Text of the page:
Aortic Abdominal Aneurysms (AAA) or Triple ‘A’ as they are commonly known as an incidence of 21 cases per 100,000 person-years in the west. There are about 15,000 deaths every year from this disease. What is worse than the incidence of rupture in about 4.4 % and is many cases proves fatal. It is the thirteenth leading cause of death in the west.
An aneurysm is a dilated artery and the aorta is the size of the garden hose pipe connecting the heart with the rest of the body and passing through the mid-line of the chest and the abdomen.
Since it is the main supplier of the blood to the entire body, its rupture leads to life-threatening bleeding.
Depending on its size and the rate of its growth the treatment varies from observation to emergency surgery which is not only very risky but has an exceptionally high mortality.
How do they present?
Mostly the patients are asymptomatic and are diagnosed on an ultrasound of the abdomen performed for some other problem.
Some, however, grow rapidly and it is not possible to predict which ones shall behave this way.
Once large then the patient may note:
- A pulsatile mass around the belly button.
- Deep constant ache in the abdomen.
When to see a doctor?
- Should you have any of the complaints listed above.
- Anyone over 60 years who is a smoker and has a family history of AAA should be screened regularly.
- There are no specific guidelines for females.
Why does it happen?
The exact cause is unknown but there are aggravating factors:
- Tobacco use – this is the leading cause and directly affects the arteries. It promotes plaque formation, high blood pressure, and causes the aneurysm to grow faster by further damaging the aorta.
- Atherosclerosis – it is the deposit of fat in the wall of the artery thus increasing the risk of aneurysm.
- Vasculitis – it is the infection of the arterial wall. It leads to the weakening of the arterial wall leading to the formation of the aneurysm.
Who is more prone?
- Age – over 65 years is commoner.
- Tobacco abuse – this is a strong risk factor and the damage to the aorta is directly proportional to the length of smoking.
- Atherosclerosis –deposit fat in the arterial wall which damages it and increases the risk of the aneurysm.
- Sex – it is commoner in males.
- Family history – those with a strong family history have a higher incidence of AAA, at a younger age and greater chances of rupture.
How does one know that the AAA has burst?
- Sudden pain in the abdomen or back which persists
- Sweating – cold and clammy
- Nausea and vomiting
- Unrecordable blood pressure
- Rapid pulse
- Loss of consciousness
How can you help yourself?
You can help yourself by making lifestyle changes – by quitting smoking, eating a healthy diet, and exercising daily.
How do you diagnose AAA?
1. Ultrasound is the investigation of choice for detecting AAA.
CT Angiogram – This shows the anatomy of the arterial tree and the aneurysmal dilatation though the size is better seen on ultrasound because of clots in the aneurysmal wall.
MRI screening – This is also a painless screening test. It contains a large magnet encircling a table on which the patient lies and this table slides into the tunnel. The magnetic field aligns atomic particles in some of your cells. When radio waves are broadcast toward these aligned particles they produce signals that vary according to the tissue they are. The images produced by these signals show if there is an aneurysm.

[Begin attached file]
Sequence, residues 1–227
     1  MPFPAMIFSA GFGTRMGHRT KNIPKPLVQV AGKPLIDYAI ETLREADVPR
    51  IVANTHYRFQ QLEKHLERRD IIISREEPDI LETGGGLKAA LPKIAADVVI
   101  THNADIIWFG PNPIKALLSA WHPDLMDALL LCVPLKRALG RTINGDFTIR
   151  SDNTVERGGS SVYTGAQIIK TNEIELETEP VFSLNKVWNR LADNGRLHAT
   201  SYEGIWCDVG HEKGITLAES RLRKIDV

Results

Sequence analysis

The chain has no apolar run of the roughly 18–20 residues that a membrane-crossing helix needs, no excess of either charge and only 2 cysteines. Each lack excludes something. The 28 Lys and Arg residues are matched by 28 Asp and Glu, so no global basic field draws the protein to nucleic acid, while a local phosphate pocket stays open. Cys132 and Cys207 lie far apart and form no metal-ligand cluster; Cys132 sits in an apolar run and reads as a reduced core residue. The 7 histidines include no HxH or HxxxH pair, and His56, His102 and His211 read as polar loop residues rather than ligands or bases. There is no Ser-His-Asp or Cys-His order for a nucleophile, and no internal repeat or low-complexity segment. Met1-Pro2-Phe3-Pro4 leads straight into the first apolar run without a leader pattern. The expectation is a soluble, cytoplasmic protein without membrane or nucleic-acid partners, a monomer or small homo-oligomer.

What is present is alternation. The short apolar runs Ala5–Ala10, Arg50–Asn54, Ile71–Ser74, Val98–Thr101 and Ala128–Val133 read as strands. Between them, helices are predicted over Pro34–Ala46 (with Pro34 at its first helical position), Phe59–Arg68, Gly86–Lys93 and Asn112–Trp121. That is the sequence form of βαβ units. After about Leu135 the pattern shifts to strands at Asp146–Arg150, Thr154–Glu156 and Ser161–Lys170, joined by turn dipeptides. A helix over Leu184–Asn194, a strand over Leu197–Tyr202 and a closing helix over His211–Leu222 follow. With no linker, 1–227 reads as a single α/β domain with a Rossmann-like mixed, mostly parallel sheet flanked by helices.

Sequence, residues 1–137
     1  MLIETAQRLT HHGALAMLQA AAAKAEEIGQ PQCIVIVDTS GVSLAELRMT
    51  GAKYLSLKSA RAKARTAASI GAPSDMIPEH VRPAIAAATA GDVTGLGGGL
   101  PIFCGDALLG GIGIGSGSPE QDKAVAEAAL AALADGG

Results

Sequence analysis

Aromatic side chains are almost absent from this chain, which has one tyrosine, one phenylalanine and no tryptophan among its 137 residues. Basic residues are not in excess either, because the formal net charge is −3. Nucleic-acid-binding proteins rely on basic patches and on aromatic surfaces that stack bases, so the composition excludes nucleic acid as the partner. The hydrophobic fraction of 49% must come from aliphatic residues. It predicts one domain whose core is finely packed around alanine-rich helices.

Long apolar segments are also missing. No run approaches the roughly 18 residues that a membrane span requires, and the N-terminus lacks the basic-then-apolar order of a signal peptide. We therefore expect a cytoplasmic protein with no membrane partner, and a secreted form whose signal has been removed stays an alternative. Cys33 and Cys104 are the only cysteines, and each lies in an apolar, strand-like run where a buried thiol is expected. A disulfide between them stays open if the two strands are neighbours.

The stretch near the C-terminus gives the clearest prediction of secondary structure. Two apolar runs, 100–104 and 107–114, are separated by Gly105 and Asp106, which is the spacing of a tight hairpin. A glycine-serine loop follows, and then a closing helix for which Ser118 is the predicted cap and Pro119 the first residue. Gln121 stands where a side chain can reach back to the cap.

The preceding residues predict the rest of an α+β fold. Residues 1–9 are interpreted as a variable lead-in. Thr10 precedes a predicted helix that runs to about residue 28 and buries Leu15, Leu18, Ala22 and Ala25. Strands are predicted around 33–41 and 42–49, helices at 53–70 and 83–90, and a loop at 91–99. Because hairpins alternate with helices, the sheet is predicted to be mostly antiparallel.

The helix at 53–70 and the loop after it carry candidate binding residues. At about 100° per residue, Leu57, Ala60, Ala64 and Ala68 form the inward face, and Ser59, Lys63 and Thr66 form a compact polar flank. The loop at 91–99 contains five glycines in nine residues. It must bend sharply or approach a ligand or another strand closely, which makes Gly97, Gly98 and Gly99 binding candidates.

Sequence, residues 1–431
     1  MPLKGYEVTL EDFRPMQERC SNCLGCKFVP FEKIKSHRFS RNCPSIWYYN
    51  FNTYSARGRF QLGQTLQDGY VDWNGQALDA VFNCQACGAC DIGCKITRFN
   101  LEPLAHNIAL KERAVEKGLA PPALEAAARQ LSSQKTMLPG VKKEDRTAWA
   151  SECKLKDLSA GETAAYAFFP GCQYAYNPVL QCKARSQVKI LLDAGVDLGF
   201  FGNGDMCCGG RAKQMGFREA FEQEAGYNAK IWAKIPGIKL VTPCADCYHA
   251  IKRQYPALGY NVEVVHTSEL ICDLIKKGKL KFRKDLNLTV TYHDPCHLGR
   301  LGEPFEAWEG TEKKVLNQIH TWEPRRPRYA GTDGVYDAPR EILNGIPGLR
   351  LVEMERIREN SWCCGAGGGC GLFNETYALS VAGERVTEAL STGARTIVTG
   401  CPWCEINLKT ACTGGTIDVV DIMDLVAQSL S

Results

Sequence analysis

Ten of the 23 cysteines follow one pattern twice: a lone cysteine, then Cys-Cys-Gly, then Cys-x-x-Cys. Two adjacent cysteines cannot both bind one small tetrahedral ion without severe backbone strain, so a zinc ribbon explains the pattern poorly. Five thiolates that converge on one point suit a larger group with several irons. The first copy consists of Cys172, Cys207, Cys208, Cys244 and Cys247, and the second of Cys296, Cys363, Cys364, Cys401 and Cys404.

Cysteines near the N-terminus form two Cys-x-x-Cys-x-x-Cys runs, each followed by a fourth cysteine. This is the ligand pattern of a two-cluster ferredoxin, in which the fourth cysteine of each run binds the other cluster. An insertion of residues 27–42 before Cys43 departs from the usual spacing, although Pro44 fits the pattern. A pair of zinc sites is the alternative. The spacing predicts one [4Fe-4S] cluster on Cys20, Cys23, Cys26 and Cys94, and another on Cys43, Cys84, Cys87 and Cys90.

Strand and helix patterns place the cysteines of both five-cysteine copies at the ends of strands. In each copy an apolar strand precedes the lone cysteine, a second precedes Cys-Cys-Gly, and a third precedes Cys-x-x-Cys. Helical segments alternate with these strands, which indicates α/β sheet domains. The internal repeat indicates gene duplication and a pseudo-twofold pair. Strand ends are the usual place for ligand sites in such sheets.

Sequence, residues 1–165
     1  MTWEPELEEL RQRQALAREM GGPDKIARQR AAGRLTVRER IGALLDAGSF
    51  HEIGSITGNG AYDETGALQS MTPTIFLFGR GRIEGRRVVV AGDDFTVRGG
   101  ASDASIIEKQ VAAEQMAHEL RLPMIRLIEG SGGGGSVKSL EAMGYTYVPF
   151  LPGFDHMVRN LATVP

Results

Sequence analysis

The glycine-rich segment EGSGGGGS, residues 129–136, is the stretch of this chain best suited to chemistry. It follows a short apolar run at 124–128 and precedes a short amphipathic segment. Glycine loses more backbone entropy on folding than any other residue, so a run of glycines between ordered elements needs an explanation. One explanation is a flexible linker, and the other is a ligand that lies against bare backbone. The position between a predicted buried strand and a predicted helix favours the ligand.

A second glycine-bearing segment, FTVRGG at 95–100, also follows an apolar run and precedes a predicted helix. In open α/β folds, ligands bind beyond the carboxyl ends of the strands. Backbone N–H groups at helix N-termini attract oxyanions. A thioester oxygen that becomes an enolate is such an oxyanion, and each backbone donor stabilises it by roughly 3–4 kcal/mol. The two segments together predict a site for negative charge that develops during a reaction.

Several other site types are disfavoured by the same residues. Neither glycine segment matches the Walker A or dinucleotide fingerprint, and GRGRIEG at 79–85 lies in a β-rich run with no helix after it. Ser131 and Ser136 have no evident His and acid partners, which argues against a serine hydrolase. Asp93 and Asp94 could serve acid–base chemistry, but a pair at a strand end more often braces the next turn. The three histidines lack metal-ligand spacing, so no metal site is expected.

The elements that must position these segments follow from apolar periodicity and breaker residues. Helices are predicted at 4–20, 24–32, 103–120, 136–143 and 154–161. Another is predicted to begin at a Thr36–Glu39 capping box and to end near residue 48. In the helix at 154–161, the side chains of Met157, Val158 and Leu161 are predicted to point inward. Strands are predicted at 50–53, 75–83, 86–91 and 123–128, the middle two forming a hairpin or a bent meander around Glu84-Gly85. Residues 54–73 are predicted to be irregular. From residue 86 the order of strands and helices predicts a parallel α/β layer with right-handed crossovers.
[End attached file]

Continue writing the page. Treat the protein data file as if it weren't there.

How are such patients treated?
Small aneurysms – These are less than 4 cm in diameter. Mostly in these cases wait and watch policy is adopted. Surgery is not advised because of the risk of surgery outweighs the risk of rupture. Routine serial ultrasound is done 6-12 monthly and the patient is warned that if he develops abdominal tenderness and backache (possible signs of dissection) he should report to the casualty immediately.
Medium aneurysms – these range between 4 – 5.3 cm diameter. In this case, there are no guidelines comparing the risk of surgery to rupture and so one has to discuss with his surgeon about the decision to leave alone or operate. If we decide to wait and watch then do an ultrasound every 6 months and note the growth rate of the aneurysm.
Large or fast-growing or leaking aneurysms – These are over 5.6 cm diameter or growing over 0.5 cm every 6 months. You will need surgery.
A leaking tender aneurysm is an emergency.
What are the types of surgery?
There are two ways to treat AAA.
1. Open abdominal surgery – Here we replace the damaged segment of the aorta with a synthetic graft which is sewn in place. By this technique, it takes about one month to recover.
2. Endovascular surgery – This is less invasive. The graft is attached to a thin catheter that is inserted into a groin artery and threaded up the aorta. The graft is a woven tube covered by a metal mesh support. It is placed at the site of the aneurysm and fixed in place by small hooks. The graft reinforces the diseased aorta and prevents its rupture.
The recovery time in case of endovascular surgery is short and takes 3-4 days to a maximum of one week. The follow-up appointments are more frequent because of the fear of leaks. They are done 6 monthly for the first year and then yearly. Long term survival rates are the same for both.
What are the lifestyle changes needed?
- Quit smoking or chewing tobacco
- Keep blood pressure under check.
- Regular exercise.
- Reduce cholesterol and fat in the diet.